In 1970 a hand held ‘electronic’ calculator, about the size of a cell phone, cost $50. It was ‘state of the art’ at the time. It could add, subtract, multiply, and divide and had percent and square root functions. That’s all. Adjusted for inflation, that’s about $330 in today’s dollars. The few computers around were monstrous things requiring a specially trained operator. Programs were entered via ‘punch cards’. Large companies, colleges, universities and governments were about the only entities that used them. Hardly anyone thought that computers would ever be used by ‘average’ folks. But the technology leaped forward following Moore’s Law.
Proposed in 1965 by Gordon Moore from Intel, Moore’s Law states that the amount of transistors that can be placed on a microchip doubles about every two years as the technology advances. That translates into computing ‘power’. The technology surges forward to ever-faster computers that can do more things. The phones most people carry around would be viewed as science fiction to even scientists fifty years ago.
An emerging technology is generally very expensive because of (usually) the vast amount of research and development that went into it. Also a new, unique, and consumer-desirable invention, whether intellectual or physical, has for a time a captive market. More companies then ‘get in on the action’, perhaps developing improved versions, and the race is on. Competition and improved manufacturing techniques drives the progress of technology to ever more complexity but also drives prices down, until the next major ‘breakthrough’ occurs.
As a percent of income, computer technology is ‘dirt’ cheap today compared to 1970. It is perhaps the most significant ‘force’ driving human social and physical evolution. It follows a long line of innovations that have changed the course of human history. The ability to create fire, the ability to domesticate animals and plants, the creation of the plow, the invention of rules (laws) to keep order in large groups of people – a change from individual and familial autonomy to socialist social structures (the good of the many outweighs the good of the few) of large concentrations of people, and many others represent points of major change in the direction of human evolution.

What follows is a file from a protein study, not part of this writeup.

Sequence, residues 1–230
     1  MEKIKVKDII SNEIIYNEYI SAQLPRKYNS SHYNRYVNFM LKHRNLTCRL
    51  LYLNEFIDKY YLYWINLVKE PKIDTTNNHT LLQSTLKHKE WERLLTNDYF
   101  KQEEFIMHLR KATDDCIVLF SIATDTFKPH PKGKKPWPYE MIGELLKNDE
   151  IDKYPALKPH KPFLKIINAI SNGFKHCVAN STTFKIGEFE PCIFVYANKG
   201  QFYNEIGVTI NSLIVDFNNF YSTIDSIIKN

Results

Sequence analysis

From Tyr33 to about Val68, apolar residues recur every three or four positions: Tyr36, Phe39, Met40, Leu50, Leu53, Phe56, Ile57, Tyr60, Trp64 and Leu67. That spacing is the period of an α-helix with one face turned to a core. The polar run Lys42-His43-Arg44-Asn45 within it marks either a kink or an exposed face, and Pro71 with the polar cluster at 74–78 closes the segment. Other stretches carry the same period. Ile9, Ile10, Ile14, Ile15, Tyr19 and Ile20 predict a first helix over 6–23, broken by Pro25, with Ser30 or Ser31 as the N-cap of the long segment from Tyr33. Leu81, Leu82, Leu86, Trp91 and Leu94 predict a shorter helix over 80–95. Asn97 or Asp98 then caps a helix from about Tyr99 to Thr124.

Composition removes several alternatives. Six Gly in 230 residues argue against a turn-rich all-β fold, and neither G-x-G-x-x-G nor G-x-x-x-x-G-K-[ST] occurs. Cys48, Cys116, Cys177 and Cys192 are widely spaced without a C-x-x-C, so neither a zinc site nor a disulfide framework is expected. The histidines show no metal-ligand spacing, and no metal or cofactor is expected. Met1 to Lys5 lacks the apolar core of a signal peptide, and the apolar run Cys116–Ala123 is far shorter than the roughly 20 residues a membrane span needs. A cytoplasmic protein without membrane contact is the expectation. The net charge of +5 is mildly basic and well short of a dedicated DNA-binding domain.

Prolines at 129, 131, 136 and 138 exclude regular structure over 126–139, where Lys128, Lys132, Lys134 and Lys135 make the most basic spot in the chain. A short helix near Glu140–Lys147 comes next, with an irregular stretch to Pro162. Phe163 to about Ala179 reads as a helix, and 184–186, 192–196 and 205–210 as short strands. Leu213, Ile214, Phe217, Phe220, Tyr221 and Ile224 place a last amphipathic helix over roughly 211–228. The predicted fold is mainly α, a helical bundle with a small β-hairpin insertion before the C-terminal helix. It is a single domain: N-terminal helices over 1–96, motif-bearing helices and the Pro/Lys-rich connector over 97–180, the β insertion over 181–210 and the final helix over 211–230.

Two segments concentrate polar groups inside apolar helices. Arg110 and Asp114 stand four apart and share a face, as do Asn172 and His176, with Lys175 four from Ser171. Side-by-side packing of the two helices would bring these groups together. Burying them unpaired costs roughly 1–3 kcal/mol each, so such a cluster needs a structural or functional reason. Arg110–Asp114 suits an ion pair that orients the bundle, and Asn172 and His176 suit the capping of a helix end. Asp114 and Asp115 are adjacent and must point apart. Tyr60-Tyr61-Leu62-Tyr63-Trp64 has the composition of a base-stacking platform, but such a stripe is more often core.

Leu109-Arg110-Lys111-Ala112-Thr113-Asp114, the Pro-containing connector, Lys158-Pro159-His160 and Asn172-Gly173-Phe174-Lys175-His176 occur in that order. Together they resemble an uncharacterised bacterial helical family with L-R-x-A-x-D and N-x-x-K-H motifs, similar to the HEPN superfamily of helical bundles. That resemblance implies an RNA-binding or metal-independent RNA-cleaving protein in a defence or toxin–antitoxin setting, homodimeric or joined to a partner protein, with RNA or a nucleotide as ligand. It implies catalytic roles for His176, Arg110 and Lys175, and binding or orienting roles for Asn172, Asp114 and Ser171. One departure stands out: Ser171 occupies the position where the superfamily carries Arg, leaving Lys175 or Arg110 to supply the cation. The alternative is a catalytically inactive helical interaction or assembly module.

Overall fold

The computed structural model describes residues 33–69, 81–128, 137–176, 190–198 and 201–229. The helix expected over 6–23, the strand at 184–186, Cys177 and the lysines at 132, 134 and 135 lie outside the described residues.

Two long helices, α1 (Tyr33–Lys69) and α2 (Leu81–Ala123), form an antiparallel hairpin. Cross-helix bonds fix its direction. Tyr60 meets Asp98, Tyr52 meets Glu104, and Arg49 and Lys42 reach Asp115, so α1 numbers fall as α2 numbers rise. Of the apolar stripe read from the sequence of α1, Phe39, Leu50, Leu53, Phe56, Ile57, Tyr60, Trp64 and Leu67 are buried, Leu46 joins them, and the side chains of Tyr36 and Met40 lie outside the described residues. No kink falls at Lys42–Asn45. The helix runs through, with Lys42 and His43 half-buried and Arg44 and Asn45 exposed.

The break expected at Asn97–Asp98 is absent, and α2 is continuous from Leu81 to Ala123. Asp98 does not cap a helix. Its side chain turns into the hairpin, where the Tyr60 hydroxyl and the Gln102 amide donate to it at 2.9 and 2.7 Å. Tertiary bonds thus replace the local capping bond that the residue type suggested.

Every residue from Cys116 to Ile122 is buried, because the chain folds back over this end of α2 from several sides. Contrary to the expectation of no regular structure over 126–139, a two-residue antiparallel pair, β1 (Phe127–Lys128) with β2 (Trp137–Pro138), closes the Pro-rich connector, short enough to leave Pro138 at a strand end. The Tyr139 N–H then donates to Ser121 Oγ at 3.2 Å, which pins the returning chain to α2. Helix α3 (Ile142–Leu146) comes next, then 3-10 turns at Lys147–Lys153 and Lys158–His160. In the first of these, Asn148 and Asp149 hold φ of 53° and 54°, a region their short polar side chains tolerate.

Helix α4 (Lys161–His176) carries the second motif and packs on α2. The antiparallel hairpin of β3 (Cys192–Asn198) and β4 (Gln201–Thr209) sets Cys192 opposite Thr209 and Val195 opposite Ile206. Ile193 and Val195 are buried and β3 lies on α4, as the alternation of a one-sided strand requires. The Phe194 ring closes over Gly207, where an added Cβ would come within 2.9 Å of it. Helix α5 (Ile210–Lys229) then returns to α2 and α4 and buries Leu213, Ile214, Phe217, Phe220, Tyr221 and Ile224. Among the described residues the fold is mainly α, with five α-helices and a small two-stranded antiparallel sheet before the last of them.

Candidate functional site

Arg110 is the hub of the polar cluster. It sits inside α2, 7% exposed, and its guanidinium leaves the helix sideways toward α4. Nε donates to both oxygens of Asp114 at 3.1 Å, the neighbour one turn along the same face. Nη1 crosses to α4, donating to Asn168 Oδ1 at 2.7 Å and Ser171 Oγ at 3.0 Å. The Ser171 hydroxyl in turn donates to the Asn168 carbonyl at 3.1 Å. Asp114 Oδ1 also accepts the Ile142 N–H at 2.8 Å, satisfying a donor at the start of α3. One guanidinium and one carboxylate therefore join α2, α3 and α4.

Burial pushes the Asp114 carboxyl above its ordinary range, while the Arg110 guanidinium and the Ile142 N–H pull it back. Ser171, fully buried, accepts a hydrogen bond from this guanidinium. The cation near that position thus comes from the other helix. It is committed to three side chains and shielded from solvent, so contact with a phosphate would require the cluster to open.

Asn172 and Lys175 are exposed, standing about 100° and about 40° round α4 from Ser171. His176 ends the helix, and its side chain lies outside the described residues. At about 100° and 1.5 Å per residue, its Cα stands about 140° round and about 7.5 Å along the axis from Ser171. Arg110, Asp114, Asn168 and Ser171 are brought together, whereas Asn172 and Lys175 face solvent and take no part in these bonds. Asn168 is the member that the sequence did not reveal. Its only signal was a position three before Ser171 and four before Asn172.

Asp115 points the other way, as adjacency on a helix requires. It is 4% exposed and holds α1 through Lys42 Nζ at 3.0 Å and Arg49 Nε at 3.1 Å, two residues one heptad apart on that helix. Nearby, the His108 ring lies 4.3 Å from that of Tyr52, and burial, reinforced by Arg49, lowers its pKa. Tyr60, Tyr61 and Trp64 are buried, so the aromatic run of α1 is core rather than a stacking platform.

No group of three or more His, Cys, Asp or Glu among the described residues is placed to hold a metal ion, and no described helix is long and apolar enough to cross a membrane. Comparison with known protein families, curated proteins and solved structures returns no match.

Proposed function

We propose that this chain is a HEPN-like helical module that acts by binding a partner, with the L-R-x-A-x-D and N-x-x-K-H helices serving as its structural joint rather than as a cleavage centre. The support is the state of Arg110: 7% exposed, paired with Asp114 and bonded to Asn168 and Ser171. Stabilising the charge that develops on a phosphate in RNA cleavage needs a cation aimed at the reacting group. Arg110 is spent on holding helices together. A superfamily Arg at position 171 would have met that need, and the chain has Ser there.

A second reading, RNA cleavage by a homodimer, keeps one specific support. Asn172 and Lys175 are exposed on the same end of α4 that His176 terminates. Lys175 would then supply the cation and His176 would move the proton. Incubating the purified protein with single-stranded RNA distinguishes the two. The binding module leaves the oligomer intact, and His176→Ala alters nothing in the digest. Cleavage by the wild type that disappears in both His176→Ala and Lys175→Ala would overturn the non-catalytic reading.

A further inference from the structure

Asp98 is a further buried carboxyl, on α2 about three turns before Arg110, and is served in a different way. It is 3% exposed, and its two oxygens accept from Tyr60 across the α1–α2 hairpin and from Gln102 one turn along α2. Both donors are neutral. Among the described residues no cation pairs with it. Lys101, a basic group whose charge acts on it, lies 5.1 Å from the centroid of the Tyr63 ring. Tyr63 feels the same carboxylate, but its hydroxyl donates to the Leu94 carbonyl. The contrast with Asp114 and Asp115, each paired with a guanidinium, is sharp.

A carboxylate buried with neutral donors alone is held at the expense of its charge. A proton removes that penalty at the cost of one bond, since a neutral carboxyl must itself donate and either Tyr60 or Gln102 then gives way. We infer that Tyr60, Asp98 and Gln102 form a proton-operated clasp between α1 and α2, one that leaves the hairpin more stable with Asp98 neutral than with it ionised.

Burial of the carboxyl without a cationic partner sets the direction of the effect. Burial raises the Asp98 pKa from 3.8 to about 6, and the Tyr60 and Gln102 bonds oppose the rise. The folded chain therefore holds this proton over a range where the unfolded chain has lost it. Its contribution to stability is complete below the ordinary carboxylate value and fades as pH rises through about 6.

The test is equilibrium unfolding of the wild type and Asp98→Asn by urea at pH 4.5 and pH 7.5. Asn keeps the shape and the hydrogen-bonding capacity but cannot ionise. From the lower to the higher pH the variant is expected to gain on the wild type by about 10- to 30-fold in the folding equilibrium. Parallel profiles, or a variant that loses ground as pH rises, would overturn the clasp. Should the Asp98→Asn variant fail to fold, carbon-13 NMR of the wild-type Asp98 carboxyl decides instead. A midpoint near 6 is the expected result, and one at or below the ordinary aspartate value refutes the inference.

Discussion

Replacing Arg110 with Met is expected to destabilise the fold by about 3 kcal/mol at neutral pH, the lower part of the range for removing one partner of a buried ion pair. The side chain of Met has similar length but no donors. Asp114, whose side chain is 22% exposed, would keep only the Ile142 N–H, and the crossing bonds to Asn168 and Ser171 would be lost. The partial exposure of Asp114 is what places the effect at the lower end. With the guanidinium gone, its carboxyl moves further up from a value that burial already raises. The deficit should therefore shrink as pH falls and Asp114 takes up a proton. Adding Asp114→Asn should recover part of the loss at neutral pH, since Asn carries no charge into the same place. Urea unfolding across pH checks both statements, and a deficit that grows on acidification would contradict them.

Today humanity is pushing out into many new frontiers, yet all are driven by technology, and particularly the computer. When the ‘mapping’ of the genetic codes of organisms was first proposed, it was thought that ‘sequencing’ would take decades to achieve. But computer speed advanced so quickly that genetic decoding has become almost routine. For around a hundred dollars you can send in a sample of your DNA and get a detailed history of your ancestors migration going all the way back to Africa around 80,000 years ago, accomplished by genome decoding that computers make possible. There are computer-controlled robots on Mars functioning perfectly. The computer controlled probe to Pluto took a complicated route to increase speed and yet passed by the dwarf planet with precision accuracy. Artificial Intelligence (AI) that will match human intellect and then vastly exceed it is perhaps only a decade away.
As pioneering scientists delved into the genetic blueprints of various organisms, one thing became clear. The framework for the genetic instructions for all living organisms, whether a pine tree or a frog or a human, are all based on DNA. Scientists can now ‘cut and paste’ sections of DNA from one organism into another of a different species in a process called crispr-gene editing. This allows for the creation of ‘hybrid’ organisms that result from the ‘mixing’ of the genetic instructions from more than one different type of organism. Though such technology is banned for human genetic manipulation, a Chinese scientist has tried it.
Our lives are so dependent upon computers today that without them the societies of the developed world would implode. The medical field, industry, power generation, agriculture, entertainment, banking, research, space exploration, even the weather forecast, and many others would be set back decades without computers. So computer technology probably represents the impetus behind the greatest shift in human evolution since humans developed the ability to create fire.
Email Terry Mejdrich at email@example.com.